hurricane genesis is four times more likely than during easterly periods, and also tends to occur closer to

    the Mexican coast. Systems that develop during westerly phases are stronger than tropical systems

    that develop during easterly phases.

    Tropical storm formation in the Gulf of Mexico is also four times more likely during westerly MJO

    periods than during easterly MJO periods. So is hurricane genesis, and hurricanes that are Category 3 or

    above have a greater preference to occur during westerly MJO events.

    Tropical Cyclones in Indian Ocean/Western Pacific

    MJO is known to modulate tropical cyclone activity in the Indian Ocean and western Pacific by providing a

    large-scale environment favorable to tropical development.

    The strongest tropical cyclones develop when MJO favors enhanced precipitation, although it is

    important to note MJO is just one of many factors that contribute to tropical cyclone development.

    Effects on Global Weather

    MJO can significantly intensify or weaken monsoon systems in Australia, India, Asia, South America

    and North America. MJO’s westerly phase, linked with enhanced rainfall, can affect a monsoon’s timing and

    intensity. MJO’s easterly phase can end monsoon systems early, and even cause breaks in monsoon systems.

    MJO is linked to extreme precipitation in the Pacific Northwest, known as ‘Pineapple Express’ events.

    These occur in boreal winter, when the easterly MJO interacts with westward North Pacific mid-latitude

    patterns (creating heavy flooding such as the 1996-7 winter in California and Pacific Northwest). For 7-10

    days preceding a Pineapple Express event, there are distinct weather anomalies in the Pacific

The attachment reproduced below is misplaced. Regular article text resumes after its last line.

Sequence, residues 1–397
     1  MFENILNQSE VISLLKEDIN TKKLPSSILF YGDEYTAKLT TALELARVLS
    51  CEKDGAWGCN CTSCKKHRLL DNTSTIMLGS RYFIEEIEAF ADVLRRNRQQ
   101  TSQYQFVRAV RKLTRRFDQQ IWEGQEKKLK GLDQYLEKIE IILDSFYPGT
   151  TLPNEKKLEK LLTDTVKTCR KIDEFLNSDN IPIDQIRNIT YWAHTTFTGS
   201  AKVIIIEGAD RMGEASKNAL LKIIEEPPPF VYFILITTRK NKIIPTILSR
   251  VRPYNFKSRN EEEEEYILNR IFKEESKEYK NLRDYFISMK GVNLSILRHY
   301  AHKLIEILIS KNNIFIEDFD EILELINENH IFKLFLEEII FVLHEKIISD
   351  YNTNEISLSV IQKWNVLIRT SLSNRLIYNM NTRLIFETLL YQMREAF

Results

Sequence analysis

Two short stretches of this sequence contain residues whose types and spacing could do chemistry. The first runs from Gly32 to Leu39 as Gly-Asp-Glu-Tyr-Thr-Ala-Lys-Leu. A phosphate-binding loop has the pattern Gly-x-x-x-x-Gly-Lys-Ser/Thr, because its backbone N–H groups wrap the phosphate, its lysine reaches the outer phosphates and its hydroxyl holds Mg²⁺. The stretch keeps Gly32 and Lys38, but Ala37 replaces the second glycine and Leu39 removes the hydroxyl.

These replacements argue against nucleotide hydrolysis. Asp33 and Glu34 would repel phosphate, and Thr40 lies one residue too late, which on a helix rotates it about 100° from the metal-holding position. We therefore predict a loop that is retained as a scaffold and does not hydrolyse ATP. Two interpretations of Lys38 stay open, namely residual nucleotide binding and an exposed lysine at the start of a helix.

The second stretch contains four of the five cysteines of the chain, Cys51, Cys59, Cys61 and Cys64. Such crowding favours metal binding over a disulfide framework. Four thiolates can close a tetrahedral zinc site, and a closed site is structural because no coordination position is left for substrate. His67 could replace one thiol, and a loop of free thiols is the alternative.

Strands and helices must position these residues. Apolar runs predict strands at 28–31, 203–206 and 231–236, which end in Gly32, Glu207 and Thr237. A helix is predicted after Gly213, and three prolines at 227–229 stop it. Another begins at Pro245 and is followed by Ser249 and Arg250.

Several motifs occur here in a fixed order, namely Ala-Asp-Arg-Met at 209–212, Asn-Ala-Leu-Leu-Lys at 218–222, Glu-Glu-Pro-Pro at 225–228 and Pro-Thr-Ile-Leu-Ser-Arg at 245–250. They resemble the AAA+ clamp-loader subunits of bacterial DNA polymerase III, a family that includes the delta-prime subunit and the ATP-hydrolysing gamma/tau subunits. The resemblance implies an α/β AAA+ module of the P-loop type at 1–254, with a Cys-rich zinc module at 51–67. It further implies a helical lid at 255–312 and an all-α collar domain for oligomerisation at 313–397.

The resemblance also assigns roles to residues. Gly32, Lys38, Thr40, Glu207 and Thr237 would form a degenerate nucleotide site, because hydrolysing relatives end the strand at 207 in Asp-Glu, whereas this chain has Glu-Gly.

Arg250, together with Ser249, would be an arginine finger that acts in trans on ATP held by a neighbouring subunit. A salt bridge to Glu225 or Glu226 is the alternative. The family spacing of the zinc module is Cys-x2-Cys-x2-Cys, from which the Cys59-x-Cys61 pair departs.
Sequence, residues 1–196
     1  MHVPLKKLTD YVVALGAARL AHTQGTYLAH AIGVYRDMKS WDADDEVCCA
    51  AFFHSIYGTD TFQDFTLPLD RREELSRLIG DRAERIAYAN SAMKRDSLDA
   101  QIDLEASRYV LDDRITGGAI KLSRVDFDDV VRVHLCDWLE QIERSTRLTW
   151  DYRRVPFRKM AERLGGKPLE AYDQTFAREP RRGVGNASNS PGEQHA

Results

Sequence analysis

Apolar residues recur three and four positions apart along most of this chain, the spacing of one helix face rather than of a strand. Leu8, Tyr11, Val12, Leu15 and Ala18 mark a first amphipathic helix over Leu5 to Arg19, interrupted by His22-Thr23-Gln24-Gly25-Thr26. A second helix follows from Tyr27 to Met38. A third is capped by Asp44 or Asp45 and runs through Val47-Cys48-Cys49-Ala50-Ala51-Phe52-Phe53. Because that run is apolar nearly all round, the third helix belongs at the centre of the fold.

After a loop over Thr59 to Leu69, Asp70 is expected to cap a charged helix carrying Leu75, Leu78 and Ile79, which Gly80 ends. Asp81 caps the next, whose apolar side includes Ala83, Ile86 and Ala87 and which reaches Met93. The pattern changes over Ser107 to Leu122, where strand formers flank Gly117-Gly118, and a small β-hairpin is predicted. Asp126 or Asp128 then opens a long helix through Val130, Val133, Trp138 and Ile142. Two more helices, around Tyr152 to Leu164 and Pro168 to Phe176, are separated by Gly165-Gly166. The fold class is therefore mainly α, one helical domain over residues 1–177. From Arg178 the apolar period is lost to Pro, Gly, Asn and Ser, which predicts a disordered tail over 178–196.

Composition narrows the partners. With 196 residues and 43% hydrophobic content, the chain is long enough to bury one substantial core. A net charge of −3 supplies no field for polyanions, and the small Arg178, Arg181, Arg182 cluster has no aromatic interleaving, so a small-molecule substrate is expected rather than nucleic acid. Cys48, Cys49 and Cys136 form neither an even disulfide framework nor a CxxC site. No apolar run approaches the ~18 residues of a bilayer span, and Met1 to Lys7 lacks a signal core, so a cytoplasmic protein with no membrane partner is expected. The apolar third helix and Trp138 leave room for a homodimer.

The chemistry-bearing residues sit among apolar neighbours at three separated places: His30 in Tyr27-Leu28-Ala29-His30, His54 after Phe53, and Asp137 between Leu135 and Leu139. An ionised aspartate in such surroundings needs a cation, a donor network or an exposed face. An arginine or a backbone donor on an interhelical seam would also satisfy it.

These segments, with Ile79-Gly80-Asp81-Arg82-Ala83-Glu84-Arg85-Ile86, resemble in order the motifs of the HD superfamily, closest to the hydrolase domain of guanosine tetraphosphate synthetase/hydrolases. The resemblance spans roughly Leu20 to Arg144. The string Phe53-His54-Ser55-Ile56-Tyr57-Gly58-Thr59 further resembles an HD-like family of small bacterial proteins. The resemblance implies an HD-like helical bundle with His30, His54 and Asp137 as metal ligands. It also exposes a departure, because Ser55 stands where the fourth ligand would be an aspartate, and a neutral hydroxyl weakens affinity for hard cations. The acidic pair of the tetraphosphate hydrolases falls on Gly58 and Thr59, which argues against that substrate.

Northwest and subtropical Pacific Ocean. There is a clear relationship between MJO-related rainfall and

    extreme west coast precipitation events.

    MJO can alter the intensity and extent of the South Atlantic Convergence Zone and the South Pacific

    Convergence Zone, to enhance rainfall over Southeast Brazil, or Australia and the Philippines, respectively.

  • 6 Global Climate Influencer | Madden-Julian Oscillation

  • 7 Global Climate Influencer | Madden-Julian Oscillation

    Monitoring & Predicting MJO

    Due to MJO’s impact on tropical weather, it is imperative to track and predict its development, movement and

    impact. Over the past ten years, NOAA has developed mathematical models to predict MJO, using a

    variety of analysis techniques and data. NOAA’s polar orbiting and geostationary satellites generate data

    on strong tropical convective activity and regional rainfall anomalies. These ‘departures-from-normal’ are

    a main diagnostic tool used to monitor and predict the global schematic of MJO.

    The global radiosonde network also provides useful information on moisture, temperature,

    atmospheric winds and pressure at multiple altitudes. Twice daily the dataset is integrated into dynamic

    weather prediction models to drive climate analysis and numerical weather prediction.